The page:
All the write moves
This mostly true short-story was originally published as part of the WriteLarge Podcast on Sept. 16, 2006.
All the write moves
I went in to this pretentious bookstore in Brookfield; you know, the one with three names and an extra middle initial? That's the one. So, There is was, trying to buy a journal. And I'm looking through them, And they all suck. They all suck.
So there is this girl looking thought the journals with me. I pick up of the journals with a Superman drawing on the cover, just because it seemed cool. Inside were all these crazy Superman drawings, spattering up the paper with cartoons and onomatopoeic explosions. Oh yeah, that'll help clear out the ol' writer's mind. Nothing like lavish distractions actually embedded into your blank page. Obviously, this was not a good journal. And so I put it down, and say, “Whoa! Yuck.” and the girl next to me starts to laugh.
“What's wrong?” she asks.
“That's a terrible journal.” I say.
“Well look at it,” I say.
She picks it up and says, “It must be for little kids.” She puts the Superman journal down. “What are you looking for?” she asks.
“A journal-- A nice ringed notebook.”
“Yeah. I like a ring bound notebook. It makes them easier to write in.” she says.
“Yeah. You can fold them.” I say. “I'll probably just go to Target, That's where I got my last one.”
“But the paper in those is no good,” she says.
“Yeah, but look at the covers on these...” I say.
“What’s wrong with them?”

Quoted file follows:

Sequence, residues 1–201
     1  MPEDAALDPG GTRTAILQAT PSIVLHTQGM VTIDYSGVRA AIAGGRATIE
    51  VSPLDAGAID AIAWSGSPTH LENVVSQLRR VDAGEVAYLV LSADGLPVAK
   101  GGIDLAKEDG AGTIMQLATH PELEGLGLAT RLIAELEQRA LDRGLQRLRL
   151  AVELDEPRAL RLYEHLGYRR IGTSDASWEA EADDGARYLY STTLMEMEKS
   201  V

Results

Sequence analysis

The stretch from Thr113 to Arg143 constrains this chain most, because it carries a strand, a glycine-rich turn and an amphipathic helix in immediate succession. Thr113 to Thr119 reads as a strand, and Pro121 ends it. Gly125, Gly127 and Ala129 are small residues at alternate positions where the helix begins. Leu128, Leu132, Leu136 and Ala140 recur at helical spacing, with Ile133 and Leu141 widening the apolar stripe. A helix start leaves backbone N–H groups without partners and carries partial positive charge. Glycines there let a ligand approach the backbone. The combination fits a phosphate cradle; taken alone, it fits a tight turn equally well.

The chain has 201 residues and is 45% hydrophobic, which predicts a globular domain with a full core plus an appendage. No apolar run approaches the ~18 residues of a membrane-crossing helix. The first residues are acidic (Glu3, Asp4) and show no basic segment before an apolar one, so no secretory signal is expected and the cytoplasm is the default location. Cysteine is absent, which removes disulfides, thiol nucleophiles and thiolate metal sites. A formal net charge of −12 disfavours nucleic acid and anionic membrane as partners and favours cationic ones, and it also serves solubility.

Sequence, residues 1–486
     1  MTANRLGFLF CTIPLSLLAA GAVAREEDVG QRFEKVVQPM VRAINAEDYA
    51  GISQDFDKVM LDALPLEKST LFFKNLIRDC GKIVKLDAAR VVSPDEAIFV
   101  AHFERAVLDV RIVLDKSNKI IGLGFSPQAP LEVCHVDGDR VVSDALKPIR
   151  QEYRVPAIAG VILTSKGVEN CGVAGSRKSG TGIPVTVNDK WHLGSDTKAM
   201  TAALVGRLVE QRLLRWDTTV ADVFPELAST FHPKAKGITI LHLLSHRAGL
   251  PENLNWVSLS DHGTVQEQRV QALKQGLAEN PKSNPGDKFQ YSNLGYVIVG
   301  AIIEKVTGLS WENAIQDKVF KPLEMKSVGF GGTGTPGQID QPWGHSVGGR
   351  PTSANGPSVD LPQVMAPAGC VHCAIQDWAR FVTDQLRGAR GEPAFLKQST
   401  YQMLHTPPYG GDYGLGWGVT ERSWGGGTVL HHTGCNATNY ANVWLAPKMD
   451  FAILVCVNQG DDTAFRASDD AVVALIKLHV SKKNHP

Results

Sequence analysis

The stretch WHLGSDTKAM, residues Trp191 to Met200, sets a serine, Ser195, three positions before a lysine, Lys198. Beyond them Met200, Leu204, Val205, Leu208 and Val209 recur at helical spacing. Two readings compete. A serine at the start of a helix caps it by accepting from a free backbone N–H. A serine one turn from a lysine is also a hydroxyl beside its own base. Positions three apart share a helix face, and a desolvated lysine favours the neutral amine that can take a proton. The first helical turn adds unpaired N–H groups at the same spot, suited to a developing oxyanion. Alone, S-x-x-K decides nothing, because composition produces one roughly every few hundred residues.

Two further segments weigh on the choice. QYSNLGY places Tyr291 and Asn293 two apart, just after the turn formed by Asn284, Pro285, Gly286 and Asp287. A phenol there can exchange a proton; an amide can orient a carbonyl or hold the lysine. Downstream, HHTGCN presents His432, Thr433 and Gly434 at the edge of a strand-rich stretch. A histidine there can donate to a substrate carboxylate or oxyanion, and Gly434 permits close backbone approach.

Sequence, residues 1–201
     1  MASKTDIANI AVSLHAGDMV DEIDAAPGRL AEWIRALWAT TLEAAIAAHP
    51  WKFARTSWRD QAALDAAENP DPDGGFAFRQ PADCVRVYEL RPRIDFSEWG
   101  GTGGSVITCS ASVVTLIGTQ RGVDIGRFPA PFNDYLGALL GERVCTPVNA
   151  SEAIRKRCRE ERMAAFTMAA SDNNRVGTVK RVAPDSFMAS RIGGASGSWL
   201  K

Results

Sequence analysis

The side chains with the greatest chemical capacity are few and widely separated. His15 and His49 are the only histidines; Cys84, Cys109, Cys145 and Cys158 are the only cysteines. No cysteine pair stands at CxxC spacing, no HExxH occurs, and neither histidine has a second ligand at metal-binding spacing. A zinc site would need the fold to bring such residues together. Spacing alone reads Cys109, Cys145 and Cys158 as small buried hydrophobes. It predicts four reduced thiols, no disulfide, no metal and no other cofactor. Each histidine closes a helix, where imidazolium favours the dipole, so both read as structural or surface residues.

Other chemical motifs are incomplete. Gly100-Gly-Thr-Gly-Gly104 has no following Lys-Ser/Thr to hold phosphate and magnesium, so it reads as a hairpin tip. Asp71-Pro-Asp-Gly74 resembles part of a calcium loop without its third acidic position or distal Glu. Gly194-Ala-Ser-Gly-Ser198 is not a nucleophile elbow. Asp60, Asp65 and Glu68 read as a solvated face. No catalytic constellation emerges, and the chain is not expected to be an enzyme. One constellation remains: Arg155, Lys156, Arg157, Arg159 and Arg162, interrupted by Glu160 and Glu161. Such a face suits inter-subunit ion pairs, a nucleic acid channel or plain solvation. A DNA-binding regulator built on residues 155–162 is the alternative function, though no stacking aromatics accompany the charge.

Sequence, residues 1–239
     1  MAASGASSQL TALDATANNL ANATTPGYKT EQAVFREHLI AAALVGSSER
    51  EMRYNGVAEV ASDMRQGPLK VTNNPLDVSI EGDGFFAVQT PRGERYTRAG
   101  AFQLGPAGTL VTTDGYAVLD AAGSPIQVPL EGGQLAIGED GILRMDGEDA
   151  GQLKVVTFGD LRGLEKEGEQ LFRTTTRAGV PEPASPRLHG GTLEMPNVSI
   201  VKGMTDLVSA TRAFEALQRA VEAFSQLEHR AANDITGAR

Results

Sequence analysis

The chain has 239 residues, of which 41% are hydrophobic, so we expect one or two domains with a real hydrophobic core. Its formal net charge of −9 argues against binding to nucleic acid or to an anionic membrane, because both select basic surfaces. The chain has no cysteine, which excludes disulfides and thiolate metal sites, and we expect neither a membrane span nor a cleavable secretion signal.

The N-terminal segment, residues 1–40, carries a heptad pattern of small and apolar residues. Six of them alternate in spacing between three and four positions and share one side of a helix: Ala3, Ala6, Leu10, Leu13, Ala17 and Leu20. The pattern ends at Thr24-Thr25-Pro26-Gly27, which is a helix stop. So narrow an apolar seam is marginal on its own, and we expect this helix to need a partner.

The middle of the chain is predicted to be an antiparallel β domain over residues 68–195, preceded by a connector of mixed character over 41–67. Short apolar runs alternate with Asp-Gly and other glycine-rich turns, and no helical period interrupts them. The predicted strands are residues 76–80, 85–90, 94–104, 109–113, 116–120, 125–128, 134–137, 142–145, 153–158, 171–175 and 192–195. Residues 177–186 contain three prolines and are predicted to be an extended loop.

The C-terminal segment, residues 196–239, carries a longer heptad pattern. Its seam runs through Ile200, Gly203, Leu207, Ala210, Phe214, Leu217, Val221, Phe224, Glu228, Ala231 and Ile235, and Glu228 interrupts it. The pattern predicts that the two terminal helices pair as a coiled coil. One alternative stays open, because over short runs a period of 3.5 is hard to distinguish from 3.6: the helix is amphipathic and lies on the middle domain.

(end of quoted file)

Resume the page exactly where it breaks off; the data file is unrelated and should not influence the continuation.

“Well, don't take this the wrong way, but all of these are... well...girly.” Her blank stare tells me she didn't understand.
"Look at this one," I say, pointing to the bottom row. Pointing to what would be a great notebook, except that it's yellow, and has little pink ribbons on it, and little pink icons of gardening tools.
“And this one,” I say, handing her a journal with a cartoon kitty kat playing with a mouse on its cover.
“And this one,” I say, handing her another journal, this one the color of a speckled bird egg and criss-cross tied with a pink ribbon.
"Oh." she says. She hands me the one she had been holding when I arrived. “Here. This one has a typewriter on it.”
The book she hands me has a nice feel, a good size, and the paper is thick, and acid free. The artwork on the book is a little picture of a typewriter-- it's lame, but at least its not overstated.
“This is nice,” I say.
“I think I'll take it.”
“Good” she says.
I turn to leave, but then something causes me hesitate. I feel the tiniest pang of guilt as I realize that this girl might have picked this journal out for herself. “Listen,” I say. “What is your name?”
“Heidi.” she says.
“Thanks. I'll put your name in my new journal. So I'll remember you.”
And her eyes light up to match her huge smile, and she says, “Oh, thank you...” as I turn and leave.
Production Notes and Commentary
This story is a short and mostly true. Certainly I took some liberties with the description of the hideous journals that were actually for sale at Harry W. Schwartz that day, but it emotion, all of it, including the callous indifference the author had toward the woman at the bookstore, is reals. For reals, yo.I still have the journal. I have all my old journals, so that shouldn't suprise you. And this story, in its original format, is taped to the inside cover of the journal. Just like I told the girl. I have no idea if her real name is Heidie or not.
The Writelarge podcast was produced, written, edited and voiced by Gabe Wollenburg, which am me, and hosted on the mighty Archive.org.
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